7 min read
Dec 2023

Mars Wrigley Maua Initiative Powered by EoM Celebrates 10 Years


A New Business Model Blueprint

Maua was one of the first EoM pilots and was the first EoM-created Route-to-Market (RTM) business using non-financial KPIs (Key Performance Indicators), such as Social and Human Capital, and a hybrid value chain approach partnering with citizen sector organizations rather than traditional master distributors.

Launched in 2013 with 300 entrepreneurs, it was reporting double-digit growth by 2014 and has since scaled to include 1,600 entrepreneurs countrywide. The program’s impact is set to extend further with a plan to add 1,000 additional entrepreneurs by the end of 2023.

Moreover, following the success of Maua in Kenya over the last decade, Mars Wrigley will be expanding the program into nearby Tanzania in 2024 and Rwanda in 2025. The company is also planning to deploy business models based on Maua within other emerging markets in Egypt, the Philippines (where Maua was previously tested under the program name ‘Bloom’), India, and Mexico.

Through our Maua program, we partner with micro-entrepreneurs and micro-distributors to sell our products in low-income areas. By expanding Maua, we aim to build Financial and Social Capital, empowering individuals passionate about business and improving lives.

Global Vice President Corporate Affairs, Mars Wrigley

Investing in Human and Social Capital

Using the EoM approach to mutual value creation, Maua combines the business goal of creating new routes to market with the social goal of improving the income and wellbeing of people within developing communities. It expands the distribution of Mars Wrigley products by engaging local entrepreneurs in areas where issues such as inadequate public infrastructure make it difficult to reach customers directly.

Uplifters and hawkers in impoverished communities gather products from participating stock points. The uplifters distribute to kiosk owners and other small-scale vendors. The hawkers sell directly to the consumer. The program allows the entrepreneurs to carry other brands alongside Mars Wrigley products, which increases the value they offer to the community.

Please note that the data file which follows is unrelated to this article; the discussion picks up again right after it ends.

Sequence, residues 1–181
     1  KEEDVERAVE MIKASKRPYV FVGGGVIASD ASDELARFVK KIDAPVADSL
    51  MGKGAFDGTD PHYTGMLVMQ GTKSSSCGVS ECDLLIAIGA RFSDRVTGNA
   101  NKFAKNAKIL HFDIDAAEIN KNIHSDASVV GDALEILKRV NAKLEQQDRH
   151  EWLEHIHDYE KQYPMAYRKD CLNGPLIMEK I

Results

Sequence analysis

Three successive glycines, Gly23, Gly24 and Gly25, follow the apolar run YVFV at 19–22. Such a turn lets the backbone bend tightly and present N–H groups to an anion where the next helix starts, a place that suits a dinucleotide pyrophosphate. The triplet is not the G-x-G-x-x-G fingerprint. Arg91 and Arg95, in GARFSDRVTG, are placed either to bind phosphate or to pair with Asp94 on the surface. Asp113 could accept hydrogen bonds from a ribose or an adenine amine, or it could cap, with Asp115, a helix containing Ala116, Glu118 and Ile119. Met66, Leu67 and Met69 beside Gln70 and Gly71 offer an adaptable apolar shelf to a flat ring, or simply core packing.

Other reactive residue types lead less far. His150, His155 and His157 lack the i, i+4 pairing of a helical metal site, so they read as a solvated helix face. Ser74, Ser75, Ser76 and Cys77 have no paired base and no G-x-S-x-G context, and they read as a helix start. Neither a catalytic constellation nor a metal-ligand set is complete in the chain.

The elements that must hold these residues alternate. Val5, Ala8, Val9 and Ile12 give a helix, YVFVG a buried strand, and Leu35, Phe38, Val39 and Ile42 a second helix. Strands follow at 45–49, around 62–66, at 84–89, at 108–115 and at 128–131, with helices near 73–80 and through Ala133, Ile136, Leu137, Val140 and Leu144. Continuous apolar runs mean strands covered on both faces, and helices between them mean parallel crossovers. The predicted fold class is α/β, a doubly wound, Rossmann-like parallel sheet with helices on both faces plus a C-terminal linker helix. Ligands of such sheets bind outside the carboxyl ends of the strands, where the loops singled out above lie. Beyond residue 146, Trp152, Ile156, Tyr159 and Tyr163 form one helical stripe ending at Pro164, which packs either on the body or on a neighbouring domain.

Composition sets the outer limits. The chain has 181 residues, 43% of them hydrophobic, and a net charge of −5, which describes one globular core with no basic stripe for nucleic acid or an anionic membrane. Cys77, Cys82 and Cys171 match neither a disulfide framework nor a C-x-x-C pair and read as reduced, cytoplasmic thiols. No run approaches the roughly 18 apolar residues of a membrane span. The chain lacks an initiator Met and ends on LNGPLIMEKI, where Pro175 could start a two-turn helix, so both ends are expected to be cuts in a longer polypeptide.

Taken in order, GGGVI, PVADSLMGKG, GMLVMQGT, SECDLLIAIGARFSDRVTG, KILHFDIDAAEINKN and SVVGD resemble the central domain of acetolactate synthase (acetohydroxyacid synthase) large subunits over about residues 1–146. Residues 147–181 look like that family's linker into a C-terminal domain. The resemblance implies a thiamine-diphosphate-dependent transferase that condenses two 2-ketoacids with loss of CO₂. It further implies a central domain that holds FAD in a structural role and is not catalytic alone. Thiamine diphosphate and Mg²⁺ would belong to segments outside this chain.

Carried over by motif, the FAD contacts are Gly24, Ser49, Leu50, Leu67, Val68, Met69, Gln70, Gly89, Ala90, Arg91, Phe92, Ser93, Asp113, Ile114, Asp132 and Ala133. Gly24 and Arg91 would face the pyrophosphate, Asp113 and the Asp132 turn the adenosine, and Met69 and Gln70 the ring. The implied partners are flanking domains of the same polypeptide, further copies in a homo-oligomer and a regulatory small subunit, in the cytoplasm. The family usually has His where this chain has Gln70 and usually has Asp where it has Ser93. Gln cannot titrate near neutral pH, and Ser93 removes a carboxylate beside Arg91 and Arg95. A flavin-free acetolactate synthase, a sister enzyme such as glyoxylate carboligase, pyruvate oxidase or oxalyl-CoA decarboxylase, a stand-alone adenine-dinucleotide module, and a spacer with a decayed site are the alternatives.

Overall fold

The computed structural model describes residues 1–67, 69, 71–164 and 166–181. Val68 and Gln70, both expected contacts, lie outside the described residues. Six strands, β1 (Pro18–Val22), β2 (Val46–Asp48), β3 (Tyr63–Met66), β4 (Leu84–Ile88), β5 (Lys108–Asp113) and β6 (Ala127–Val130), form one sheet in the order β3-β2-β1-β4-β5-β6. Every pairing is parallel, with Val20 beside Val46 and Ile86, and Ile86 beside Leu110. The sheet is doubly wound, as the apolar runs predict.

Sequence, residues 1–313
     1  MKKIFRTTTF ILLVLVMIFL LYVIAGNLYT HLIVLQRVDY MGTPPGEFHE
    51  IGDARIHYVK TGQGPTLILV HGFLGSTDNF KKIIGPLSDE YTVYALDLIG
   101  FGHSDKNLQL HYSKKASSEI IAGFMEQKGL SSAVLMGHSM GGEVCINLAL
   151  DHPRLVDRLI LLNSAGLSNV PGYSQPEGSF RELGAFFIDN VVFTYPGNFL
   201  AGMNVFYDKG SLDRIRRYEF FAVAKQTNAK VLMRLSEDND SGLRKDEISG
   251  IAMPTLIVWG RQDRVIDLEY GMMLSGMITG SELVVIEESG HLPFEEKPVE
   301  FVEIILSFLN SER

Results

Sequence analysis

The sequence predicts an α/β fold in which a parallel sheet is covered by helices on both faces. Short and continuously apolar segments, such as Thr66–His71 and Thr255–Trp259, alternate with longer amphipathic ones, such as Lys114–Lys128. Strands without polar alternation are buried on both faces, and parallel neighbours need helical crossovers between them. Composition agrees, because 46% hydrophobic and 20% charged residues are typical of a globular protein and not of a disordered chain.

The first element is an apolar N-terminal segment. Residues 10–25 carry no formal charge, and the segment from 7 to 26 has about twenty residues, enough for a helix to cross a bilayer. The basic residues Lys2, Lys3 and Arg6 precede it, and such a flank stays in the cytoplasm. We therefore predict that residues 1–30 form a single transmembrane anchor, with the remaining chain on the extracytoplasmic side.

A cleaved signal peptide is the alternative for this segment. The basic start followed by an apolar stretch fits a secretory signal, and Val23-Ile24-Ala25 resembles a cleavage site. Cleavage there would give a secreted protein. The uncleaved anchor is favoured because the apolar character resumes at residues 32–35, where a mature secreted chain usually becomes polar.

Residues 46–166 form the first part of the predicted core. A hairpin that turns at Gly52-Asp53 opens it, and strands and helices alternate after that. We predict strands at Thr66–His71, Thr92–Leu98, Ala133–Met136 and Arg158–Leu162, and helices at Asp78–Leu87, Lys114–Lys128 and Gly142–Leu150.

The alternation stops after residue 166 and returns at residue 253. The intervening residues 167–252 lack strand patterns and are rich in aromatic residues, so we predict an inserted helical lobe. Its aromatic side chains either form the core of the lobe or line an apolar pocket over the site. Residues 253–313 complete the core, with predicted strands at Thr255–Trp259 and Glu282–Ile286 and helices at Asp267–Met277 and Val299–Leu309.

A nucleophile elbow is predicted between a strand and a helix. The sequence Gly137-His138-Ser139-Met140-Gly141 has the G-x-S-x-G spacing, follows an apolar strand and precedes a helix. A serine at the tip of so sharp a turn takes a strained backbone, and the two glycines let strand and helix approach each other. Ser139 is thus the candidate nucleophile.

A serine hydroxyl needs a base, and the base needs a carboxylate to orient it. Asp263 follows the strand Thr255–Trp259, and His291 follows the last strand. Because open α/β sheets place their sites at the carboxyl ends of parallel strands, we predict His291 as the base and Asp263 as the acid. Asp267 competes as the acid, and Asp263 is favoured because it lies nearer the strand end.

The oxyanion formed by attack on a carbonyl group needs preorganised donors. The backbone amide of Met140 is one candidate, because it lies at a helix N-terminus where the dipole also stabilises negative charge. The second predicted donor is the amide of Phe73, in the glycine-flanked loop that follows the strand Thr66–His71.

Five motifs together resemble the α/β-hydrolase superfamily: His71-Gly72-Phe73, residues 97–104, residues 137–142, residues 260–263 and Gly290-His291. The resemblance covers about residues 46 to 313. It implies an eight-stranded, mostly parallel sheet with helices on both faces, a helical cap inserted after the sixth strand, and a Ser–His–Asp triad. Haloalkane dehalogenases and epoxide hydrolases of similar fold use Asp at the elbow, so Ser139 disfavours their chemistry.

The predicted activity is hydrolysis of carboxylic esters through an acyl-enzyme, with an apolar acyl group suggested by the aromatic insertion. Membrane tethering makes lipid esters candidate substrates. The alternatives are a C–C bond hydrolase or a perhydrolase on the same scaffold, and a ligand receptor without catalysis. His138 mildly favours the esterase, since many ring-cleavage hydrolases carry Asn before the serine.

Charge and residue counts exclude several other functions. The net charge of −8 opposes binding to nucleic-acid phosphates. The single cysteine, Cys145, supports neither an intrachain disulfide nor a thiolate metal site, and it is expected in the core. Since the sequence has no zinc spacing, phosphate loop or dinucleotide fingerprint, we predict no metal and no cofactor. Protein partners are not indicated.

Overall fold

In this way, Maua engages the non-financial capital present, but typically hidden, within areas that lack infrastructure and investment. By measuring and managing Human and Social Capital alongside Financial Capital, the program is able to benefit all stakeholders.

Cross-sector partnerships with citizen sector organizations and NGOs have made the Maua business model possible by helping Mars Wrigley tap into typically overlooked cultural and social assets. And research with Oxford University’s Said Business School and the University of Nairobi has enabled the program’s leaders to measure success and impact effectively.

The entrepreneurs who sign up to Maua benefit economically by partnering with us. We also provide support in terms of training, branding, merchandizing, tools of the trade, and networking opportunities that include connections to financing partners.

General Manager, Middle East and Africa, Mars Wrigley

Delivering Holistic Performance

Maua now accounts for close to 15% of Mars Wrigley’s turnover in Kenya, with a higher profit margin than its traditional routes to market. Indeed, it is more profitable than comparable businesses operating with the usual profit-maximization approach, sometimes delivering 2x higher retained earnings than such businesses, while also seeing measurable gains in the development of Human and Social Capital, all while overcoming the challenges of working in highly challenging environments for commercial activities.

A consistent retention rate of 85% indicates Maua’s ability to deliver sustainable livelihoods for entrepreneurs living within city slums and deprived rural areas. And the fact that 40% of the entrepreneurs are women demonstrates how the initiative creates work for those typically denied such opportunities.

Entrepreneur Success Stories

Elly Odongo, an uplifter from Nairobi’s largest slum, joined Maua in 2014 with 2,000 Kenyan shillings (around $17.50) in seed capital to buy stock. By late 2021, he had increased his income more than tenfold, and now earns roughly $220 a month by selling Wrigley products alone.

On his Maua journey, Odongo has invested in expanding his distribution area. “I used to walk and carry a pack,” he says. “With time, I acquired a bicycle and then a motorcycle. Now I can get more customers.” He moved from the slums into a mud house, married and had a child. “I’m now also able to support my siblings and my parents back home,” he says. He hopes someday to take on a stock point role to introduce others to the uplifter opportunity.

Mercy Makena, who acts as a stock point around 10km from central Nairobi, shows how far Maua could eventually lead uplifters like Odongo. Makena and her husband started a small general goods store before joining Maua in 2017, and began by allocating capital of 20,000 shillings ($175) to buying Wrigley products as a stock point.

Makena’s business now spends around $7,000 every month on Wrigley products to on-sell to uplifters. She shares Odongo’s motivation to extend opportunity to others. “I benefit with Maua, so I can get more uplifters and they can change their lives by investing through this project,” she says.

Those who attended the 10th anniversary celebration remarked how personal success stories such as these left them feeling inspired – and also excited to see how Maua will continue to flourish in the coming years.